Will Congress Crack Down on Sleazy Car Dealers?

By <a href="http://www.flickr.com/photos/foot-slogger/1328074340/">Foot Slogger</a> under a CC license.

Let our journalists help you make sense of the noise: Subscribe to the Mother Jones Daily newsletter and get a recap of news that matters.

Will Congress finally take action to rein in the car dealers who target American soldiers—among others—with dirty sales tricks? Gary Rivlin, whose upcoming book on the poverty industry is titled Broke, USA, reports in yesterday’s New York Times that consumer advocates are angling for better oversight:

Even the Pentagon has weighed in, insisting that automobile purchases and dealer-assisted financing should be part of any new financial legislation because low-income military people are victimized in large numbers by shady car dealers that set up shop just outside many bases.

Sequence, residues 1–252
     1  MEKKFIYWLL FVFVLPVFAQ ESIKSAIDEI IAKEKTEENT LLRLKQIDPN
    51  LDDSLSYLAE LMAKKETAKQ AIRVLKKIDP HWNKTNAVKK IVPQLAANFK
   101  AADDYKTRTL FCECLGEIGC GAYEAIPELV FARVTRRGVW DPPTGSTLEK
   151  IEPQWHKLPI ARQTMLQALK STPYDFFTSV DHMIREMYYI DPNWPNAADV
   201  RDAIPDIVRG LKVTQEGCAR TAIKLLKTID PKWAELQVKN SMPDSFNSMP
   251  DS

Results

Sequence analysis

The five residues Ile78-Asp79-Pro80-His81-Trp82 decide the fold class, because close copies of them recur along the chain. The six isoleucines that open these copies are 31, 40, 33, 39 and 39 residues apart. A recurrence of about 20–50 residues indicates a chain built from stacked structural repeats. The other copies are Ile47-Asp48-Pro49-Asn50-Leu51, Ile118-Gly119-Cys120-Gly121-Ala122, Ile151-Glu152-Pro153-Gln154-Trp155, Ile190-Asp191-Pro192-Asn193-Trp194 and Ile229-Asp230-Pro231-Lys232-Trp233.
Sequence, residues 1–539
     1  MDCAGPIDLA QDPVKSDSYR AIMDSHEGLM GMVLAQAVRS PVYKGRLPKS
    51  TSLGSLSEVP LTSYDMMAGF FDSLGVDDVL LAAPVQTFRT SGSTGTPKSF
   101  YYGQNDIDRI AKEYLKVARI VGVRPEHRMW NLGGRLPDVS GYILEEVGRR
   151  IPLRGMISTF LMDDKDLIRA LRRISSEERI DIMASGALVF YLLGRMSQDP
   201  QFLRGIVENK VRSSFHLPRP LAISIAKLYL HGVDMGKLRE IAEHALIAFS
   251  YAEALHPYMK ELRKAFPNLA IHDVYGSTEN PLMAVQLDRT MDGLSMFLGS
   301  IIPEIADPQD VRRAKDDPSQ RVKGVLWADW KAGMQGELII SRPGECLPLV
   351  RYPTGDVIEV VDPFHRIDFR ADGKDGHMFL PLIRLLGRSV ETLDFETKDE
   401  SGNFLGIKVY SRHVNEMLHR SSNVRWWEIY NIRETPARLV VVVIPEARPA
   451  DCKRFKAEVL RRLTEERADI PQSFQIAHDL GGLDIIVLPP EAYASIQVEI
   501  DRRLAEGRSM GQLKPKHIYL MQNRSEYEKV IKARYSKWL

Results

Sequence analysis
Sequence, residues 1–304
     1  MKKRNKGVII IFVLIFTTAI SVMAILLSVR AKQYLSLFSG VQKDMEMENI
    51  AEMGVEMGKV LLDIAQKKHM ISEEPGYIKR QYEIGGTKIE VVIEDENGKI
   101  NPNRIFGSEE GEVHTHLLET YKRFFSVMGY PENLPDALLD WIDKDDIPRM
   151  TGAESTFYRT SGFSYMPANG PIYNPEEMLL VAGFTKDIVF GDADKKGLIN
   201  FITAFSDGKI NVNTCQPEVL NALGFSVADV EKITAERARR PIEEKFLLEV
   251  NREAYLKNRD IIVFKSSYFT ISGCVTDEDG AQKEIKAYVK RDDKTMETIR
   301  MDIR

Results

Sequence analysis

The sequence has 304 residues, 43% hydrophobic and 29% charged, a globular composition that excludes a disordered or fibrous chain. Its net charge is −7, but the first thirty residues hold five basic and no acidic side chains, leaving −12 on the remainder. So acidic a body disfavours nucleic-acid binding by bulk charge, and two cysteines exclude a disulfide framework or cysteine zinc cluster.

Officials say distractions caused by these bad auto deals could affect the readiness of the armed forces.

In February, Clifford L. Stanley, the under secretary of defense responsible for troop readiness, wrote in a letter addressed to a Treasury official that the Pentagon would “welcome and encourage” increased protections against “unscrupulous automobile sales and financing practices.”

But car dealers have formidable clout in the halls of Congress. MoJo staff reporter Stephanie Mencimer notes in “I Love a Mark in Uniform,” that the dealers gave some $9 million to candidates during the 2008 election cycle alone. And Senator Sam Brownback (R-Kansas), Rivlin reports, is sponsoring an amendment that would exempt further regulation of car dealers, who, in Brownback’s words, “are already struggling to get cars to market.”